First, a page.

Friday, February 15, 2008

Schools, Guns and Prayers

I have been writing about events that have occurred all over the world. They help me feel connected to the Body of Christ, or remind that we are connected whether we feel it or not. Violence in Burma, the Middle East and Africa has taken up a lot of my blog space.

Unfortunately today my topic is not far from home. Like most Americans I am stunned at five school shootings in one week. The latest in Illinois touches me because I am originally from Chicago. While I attended Northeastern Illinois University, Northern Illinois University was a choice of a number of my colleagues. I have been to the University of Illinois. This is not some exotic setting for me, this is home.

I teach and I cannot imagine nearing the end of my lecture and then to have someone step out of the shadows and change peoples lives forever. I grieve for those students and their families. My heart also goes out to the young man who was so disturbed that he caused this pain. My heart especially goes out to his family at this time.

I read the message of the President of the Brady Foundation, Paul Helmke, former mayor of Fort Wayne. He stated:

Every day in America, 32 people are murdered with guns. That’s a daily Virginia Tech. This tragic figure is not due to mysterious forces beyond our control. People cause this problem and people can fix it.

Today, as we grieve with the victims and families of this latest mass shooting, I call on college and university presidents across America to join with us in demanding that the presidential candidates – as well as the U.S. Congress and President George W. Bush – support meaningful action to prevent gun violence. Much more needs to be done to help make our schools and communities safer.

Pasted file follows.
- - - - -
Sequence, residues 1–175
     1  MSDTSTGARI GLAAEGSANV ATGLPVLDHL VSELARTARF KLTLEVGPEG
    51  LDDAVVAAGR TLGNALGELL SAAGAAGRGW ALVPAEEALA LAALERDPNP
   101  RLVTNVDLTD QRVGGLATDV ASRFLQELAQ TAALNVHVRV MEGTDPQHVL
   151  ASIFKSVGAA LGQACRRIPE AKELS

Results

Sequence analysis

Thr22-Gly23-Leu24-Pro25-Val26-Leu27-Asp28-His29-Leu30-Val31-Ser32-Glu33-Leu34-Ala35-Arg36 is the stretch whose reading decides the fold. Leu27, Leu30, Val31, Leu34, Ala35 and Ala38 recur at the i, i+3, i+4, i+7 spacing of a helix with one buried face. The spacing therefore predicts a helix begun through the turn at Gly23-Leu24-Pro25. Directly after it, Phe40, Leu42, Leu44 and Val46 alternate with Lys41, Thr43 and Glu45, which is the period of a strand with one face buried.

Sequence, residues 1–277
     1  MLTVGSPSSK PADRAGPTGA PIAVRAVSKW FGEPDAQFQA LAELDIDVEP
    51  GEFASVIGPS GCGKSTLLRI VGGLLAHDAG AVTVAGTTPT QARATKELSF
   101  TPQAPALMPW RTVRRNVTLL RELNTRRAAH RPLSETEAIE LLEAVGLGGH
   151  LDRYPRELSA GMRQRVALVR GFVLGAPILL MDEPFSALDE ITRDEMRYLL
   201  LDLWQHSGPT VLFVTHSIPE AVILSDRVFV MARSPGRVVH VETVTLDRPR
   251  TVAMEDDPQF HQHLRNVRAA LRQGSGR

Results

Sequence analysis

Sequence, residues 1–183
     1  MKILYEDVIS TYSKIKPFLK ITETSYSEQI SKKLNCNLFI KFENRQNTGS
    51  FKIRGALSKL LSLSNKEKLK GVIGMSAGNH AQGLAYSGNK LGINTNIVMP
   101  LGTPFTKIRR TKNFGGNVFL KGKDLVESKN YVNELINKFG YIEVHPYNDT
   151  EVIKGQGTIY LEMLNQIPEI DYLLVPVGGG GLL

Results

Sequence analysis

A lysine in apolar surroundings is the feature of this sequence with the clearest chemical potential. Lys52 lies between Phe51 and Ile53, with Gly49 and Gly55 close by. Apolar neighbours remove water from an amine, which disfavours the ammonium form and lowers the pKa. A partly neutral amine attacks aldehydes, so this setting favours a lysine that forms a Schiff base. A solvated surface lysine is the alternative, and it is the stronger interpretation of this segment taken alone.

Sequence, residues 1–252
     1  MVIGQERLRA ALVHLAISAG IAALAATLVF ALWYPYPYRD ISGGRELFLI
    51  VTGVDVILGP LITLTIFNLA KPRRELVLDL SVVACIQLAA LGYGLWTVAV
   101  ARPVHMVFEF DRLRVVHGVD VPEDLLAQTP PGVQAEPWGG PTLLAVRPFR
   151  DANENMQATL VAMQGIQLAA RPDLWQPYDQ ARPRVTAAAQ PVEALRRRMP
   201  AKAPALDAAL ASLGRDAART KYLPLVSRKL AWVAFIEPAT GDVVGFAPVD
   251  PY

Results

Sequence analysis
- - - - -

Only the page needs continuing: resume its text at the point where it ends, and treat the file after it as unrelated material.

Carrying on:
Another newspaper asked how we could control school shootings in a nation that had 270 million guns. Are we supposed to feel comforted that these shooters at least had their constitutional right to bare arms protected? I am not anti-gun, I am anti “let’s flood the nation with cheap and easily accessible guns with minimal safeguards”.

In the last week we have witnessed guns used not for target practice or hunting, not to make collectors proud of their collection. Instead we witnessed:

A man shoot his wife in Notre Dame Elementary School in Portsmouth Ohio

A nursing student from Louisiana Technical College outside of Baton Rouge shoot two women and then herself

A sophomore shoot a senior at a Memphis Tennessee high school gymnasium.

A 14 year old fatally shoot a 15 year peer in a school in Oxnard California.

And now this shooting in Illinois. This is too much. I don’t believe that you can stop someone who is truly committed to killing themselves or others. If there is no ambivalence they will find a way. But when there is time and planning involved you would hope someone would notice changes in behavior. You would hope that it would not be easy for someone to arm themselves, especially when they have a history of mental illness. Last year 30,000 people in the U.S. were killed by handguns. When are we going to decide we can protect Americans right to own firearms and we can also protect Americans?

So until our politicians grow backbones and decide they can find a realistic middle ground we do what we can. Until so called pro-life politicians realize being pro-life means protecting all human life we do what we can. Today on campus students gathered in prayer for their peers in Illinois. Faculty started classes with a minute of prayer, meetings started on a quiet, sober thought and prayers. You pray for the life time of pain a moment has caused. You pray for that school to someday find its way back to normal. You pray a prayer of thanksgiving that your students and your sons and daughters are safe, for now.

You pray, amen.

No comments: